Soon more Leschi residents joined the park effort, including Kimberly Bowen of Bowen Consulting, who served as fundraising chairman. Each volunteer who joined the planning committee brought a different strength that complemented the group.  Diane Solvang-Angell, an arts educator, served as art chairman.  Throughout the project, Cynthia Davenport, Christine Matthews, Peggy Herman, Mark Tapia and Tonna Kutner also shared expertise in key steering roles. Kutner’s firm, Computer Lynx, provided the park’s website (flowarepark.org) to track restoration progress and post research on Flo Ware.

Funds for the park’s renovation came from city, county, corporate and foundation grants, as well as neighborhood donations.  Grant writing activity for the park took place during a time when Department of Neighborhood Matching Funds, Pro Parks Levy Opportunity Fund and King County’s Youth Sports Facilities Grant programs were available as resources.  In addition, Leschi community residents and merchants enthusiastically supported the project with volunteer labor and in-kind donations. Through private and public fundraising events, rummage sales, raffle tickets, and redemptions from Red Apple grocery receipts, the $500,000 needed to renovate the park was eventually raised.

Anticipating last fall’s construction, the responsibility for the final landscape design was transferred to the Seattle Parks Department.  Landscape architects Randy Robinson and Shwu-jen Hwang presented final plans at Leschi community meetings held at the Central Area Senior Center. Neighbors engaged in lively discussions to consider types of play equipment, colors, public art, the size of the basketball court, and the inspiring quotations of Flo Ware planned for the meandering ribbon-path. The community’s enthusiasm for the project was evident in the large attendance at the meetings.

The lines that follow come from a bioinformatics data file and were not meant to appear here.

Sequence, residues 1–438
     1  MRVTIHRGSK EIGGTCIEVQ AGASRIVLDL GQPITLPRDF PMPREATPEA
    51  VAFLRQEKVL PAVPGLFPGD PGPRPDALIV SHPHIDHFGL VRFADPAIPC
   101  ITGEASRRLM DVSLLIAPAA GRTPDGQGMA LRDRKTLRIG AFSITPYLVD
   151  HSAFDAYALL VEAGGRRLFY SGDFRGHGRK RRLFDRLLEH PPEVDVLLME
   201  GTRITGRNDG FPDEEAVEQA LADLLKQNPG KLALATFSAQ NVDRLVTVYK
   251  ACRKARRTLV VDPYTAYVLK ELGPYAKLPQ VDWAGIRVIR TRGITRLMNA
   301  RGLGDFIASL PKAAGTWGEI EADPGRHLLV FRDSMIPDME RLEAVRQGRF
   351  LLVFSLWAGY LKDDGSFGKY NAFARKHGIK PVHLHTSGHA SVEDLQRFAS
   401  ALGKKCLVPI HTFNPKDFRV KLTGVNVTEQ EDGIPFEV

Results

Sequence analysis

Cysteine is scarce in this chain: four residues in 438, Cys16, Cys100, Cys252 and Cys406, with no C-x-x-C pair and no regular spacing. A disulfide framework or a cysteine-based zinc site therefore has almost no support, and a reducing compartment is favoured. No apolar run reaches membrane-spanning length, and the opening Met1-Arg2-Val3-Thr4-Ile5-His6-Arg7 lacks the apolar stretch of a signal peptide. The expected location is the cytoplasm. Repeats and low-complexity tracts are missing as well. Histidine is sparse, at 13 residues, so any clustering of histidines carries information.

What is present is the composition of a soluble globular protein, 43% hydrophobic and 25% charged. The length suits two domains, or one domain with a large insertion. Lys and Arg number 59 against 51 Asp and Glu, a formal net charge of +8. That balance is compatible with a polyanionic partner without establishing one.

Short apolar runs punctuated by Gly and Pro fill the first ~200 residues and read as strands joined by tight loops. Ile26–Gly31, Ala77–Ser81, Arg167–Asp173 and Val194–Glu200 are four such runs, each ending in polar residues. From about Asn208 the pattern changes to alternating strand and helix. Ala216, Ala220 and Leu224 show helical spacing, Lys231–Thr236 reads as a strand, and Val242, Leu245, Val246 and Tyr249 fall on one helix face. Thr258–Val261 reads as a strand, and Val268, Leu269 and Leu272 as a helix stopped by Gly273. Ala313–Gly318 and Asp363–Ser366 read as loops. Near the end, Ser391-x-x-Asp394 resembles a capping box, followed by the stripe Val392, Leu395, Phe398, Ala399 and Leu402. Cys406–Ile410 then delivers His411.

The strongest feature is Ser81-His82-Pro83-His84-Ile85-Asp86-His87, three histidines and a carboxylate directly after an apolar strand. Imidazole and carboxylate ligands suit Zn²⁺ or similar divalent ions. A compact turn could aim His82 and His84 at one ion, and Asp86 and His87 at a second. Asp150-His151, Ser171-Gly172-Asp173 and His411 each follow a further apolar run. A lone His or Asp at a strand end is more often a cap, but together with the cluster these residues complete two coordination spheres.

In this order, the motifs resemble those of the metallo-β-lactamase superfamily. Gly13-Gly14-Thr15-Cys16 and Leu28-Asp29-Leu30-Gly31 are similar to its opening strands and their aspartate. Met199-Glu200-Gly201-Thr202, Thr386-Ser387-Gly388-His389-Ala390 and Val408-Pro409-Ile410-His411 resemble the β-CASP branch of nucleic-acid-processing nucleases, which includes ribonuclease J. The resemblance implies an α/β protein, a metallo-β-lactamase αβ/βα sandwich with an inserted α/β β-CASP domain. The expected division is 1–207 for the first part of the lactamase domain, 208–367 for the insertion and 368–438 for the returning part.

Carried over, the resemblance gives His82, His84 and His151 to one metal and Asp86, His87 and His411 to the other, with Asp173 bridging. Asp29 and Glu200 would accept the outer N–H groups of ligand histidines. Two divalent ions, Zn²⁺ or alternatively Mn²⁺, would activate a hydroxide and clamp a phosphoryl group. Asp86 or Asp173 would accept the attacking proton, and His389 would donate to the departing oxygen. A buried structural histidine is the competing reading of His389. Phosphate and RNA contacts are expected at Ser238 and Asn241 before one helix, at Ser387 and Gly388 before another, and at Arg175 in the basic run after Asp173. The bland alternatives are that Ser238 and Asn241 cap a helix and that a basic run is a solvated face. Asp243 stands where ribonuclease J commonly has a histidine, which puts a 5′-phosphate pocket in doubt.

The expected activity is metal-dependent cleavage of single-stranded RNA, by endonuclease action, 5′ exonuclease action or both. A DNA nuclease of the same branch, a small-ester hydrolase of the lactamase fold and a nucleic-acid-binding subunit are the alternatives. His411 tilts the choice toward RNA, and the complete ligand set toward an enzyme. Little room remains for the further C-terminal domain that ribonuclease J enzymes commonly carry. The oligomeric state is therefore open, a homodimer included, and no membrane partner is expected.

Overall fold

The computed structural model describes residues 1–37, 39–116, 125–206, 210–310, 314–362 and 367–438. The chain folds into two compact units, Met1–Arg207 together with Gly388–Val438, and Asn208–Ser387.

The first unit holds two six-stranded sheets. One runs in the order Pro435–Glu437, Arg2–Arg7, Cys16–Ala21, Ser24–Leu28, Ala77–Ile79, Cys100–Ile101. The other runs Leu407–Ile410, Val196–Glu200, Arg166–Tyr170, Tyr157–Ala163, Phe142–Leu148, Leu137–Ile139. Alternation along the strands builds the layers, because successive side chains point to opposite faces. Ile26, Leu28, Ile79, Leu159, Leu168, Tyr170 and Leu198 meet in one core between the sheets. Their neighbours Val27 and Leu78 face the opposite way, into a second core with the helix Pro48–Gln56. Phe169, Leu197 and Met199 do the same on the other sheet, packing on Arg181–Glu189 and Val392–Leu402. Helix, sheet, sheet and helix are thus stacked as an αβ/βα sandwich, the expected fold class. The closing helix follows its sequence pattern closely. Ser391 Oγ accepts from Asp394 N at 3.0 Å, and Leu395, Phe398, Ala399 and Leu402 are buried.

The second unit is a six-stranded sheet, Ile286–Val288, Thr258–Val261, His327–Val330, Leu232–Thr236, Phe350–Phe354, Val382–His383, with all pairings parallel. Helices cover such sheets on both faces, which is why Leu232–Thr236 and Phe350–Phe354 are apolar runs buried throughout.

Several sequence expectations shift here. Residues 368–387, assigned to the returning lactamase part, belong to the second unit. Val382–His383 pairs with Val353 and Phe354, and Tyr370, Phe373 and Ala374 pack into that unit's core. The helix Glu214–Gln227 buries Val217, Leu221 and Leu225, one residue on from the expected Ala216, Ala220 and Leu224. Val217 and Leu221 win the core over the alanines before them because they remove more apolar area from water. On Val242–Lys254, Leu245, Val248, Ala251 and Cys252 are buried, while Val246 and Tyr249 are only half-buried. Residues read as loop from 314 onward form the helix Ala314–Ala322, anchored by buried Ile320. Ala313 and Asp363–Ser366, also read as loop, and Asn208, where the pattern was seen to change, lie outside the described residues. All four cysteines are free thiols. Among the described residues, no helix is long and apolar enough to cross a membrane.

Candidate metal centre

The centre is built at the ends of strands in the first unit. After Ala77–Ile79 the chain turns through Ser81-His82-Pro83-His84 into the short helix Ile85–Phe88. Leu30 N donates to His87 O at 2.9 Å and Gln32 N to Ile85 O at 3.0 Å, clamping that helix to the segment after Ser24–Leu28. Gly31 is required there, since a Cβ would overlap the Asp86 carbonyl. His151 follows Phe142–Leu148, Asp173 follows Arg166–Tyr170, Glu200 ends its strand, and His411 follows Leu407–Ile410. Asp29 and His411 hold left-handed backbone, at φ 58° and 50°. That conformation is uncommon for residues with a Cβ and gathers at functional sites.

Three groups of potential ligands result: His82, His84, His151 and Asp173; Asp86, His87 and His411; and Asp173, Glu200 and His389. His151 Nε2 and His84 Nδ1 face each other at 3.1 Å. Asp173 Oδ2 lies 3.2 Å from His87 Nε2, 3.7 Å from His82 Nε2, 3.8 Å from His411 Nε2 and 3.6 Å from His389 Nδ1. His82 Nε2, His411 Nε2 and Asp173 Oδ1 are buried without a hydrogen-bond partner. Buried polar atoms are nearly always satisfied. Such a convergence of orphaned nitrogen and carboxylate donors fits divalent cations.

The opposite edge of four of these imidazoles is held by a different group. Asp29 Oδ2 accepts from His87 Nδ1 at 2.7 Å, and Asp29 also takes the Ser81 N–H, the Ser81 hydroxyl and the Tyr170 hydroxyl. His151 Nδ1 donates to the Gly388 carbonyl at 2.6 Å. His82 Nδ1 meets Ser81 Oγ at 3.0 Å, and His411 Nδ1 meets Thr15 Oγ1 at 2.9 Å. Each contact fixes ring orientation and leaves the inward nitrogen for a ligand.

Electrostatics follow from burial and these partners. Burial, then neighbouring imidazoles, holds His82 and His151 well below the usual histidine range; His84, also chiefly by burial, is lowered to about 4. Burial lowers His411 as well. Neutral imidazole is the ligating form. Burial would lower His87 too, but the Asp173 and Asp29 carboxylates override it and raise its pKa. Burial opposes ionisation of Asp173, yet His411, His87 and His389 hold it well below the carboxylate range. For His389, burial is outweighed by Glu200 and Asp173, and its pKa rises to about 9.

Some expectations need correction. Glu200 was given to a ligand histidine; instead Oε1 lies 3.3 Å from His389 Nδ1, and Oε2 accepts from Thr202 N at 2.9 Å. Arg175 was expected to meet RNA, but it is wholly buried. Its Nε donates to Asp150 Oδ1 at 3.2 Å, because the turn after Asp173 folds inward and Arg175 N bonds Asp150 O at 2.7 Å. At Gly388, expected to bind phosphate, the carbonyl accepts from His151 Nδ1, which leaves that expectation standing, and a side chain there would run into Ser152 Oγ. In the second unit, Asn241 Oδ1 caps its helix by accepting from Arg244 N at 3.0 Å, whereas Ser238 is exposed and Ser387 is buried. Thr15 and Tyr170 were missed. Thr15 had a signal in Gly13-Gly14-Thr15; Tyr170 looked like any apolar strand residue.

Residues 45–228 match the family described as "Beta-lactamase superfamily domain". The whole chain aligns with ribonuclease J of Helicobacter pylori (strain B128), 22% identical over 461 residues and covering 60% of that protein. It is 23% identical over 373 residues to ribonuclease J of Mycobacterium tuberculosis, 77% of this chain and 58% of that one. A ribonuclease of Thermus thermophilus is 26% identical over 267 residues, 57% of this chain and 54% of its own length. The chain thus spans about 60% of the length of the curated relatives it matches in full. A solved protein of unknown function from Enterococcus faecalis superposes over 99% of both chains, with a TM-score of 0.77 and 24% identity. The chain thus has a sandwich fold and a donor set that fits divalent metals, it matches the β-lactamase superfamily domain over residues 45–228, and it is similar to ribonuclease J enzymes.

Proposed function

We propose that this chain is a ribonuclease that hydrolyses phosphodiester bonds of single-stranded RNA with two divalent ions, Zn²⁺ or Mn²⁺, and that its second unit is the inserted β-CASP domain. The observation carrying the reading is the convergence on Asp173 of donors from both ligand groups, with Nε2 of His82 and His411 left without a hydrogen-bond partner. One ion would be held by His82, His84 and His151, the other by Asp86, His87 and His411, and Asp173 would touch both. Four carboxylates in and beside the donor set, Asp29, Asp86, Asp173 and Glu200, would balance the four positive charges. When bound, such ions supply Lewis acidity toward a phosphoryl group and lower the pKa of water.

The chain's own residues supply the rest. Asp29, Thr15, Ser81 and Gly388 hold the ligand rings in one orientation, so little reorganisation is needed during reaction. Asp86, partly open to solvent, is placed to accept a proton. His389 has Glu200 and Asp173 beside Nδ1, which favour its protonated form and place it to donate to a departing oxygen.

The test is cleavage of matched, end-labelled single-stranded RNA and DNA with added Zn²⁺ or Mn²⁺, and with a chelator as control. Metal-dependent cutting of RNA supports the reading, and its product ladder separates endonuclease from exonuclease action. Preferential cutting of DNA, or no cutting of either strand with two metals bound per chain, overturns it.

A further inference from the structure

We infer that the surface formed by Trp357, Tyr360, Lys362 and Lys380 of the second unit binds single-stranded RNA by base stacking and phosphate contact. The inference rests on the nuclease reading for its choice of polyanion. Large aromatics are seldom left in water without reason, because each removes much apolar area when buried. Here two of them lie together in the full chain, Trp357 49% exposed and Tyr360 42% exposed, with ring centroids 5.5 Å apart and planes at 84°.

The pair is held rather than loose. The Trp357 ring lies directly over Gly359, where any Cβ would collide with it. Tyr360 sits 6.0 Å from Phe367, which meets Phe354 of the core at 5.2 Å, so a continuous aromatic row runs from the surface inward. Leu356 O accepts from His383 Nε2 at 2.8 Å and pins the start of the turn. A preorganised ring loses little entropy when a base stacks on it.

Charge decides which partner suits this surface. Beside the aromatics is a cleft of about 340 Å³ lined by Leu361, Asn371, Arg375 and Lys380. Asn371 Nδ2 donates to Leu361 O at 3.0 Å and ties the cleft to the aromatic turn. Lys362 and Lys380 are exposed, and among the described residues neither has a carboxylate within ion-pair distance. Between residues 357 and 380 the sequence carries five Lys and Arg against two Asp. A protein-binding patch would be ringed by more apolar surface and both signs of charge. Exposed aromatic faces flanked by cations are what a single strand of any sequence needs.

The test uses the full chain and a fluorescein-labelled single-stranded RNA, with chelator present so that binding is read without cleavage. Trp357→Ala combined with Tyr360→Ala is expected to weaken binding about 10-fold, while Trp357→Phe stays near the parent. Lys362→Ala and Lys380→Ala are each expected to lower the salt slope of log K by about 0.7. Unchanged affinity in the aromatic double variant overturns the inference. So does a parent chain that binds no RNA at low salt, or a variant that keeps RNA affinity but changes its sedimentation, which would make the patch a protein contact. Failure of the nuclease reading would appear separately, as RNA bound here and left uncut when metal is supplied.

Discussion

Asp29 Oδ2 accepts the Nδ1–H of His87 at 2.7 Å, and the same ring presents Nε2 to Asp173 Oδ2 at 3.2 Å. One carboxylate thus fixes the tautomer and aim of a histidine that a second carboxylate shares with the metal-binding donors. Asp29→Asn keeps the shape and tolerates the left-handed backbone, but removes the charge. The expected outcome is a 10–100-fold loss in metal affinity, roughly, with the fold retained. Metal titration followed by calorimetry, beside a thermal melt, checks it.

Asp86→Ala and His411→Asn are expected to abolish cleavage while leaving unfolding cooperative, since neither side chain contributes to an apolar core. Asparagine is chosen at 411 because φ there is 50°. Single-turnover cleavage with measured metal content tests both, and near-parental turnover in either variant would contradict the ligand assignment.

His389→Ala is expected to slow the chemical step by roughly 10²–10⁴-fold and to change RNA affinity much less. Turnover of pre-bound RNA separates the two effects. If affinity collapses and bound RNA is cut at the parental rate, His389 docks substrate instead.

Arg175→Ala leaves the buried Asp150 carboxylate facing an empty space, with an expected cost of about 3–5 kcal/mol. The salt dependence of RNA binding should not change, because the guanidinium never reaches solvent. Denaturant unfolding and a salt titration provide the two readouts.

The Seattle Design Commission gave the park’s design their enthusiastic endorsement.

Drive by the park today and you’ll notice an inviting open space with colorful play equipment and a new basketball court.  There are tables for chess tournaments and picnics.  You’ll also see the grand new entryway--a boldly designed colonnade that pays tribute to the many cultures that make up the Central Area.  A portrait of Flo Ware is featured in its archway. 

This unique public art piece was created by Coyote, a community non-profit arts and enrichment program for junior-high youth.  Twenty-four 12 to 15 year-olds and six professional artists collaborated to design and build the entryway as part of Hit the Streets, Coyote's annual summer work program for neighborhood youth. 

“I think the park is an amazing collaboration with lots of talented and perservering community folks.  All you need to do is go by the park and see what a remarkable success it is by how it’s being used,” says Marybeth Satterlee, Executive Director of Coyote.

In addition to Coyote’s entry artwork, the community is looking forward to adding more art.  Local artist Monad Elohim proposed a sculpture of Flo Ware and a set of bronze plaques for the park’s seating wall.

So join the May 8th celebration!  Come and see the park. Walk the ribbon quotes, and enjoy this sparkling new gathering space as a tribute to Flo Ware and her admonitions: “Get Involved” and “Build Community.”

Back to the Top


About Flo Ware
Why Rebuild?
How You can Help
New Park Design


Contact us:  info@FloWarePark.org

Friends of Flo Ware Park - www.FloWarePark.org
P.O. Box 22391
Seattle, WA 98122-0319


Last modified: May 04, 2004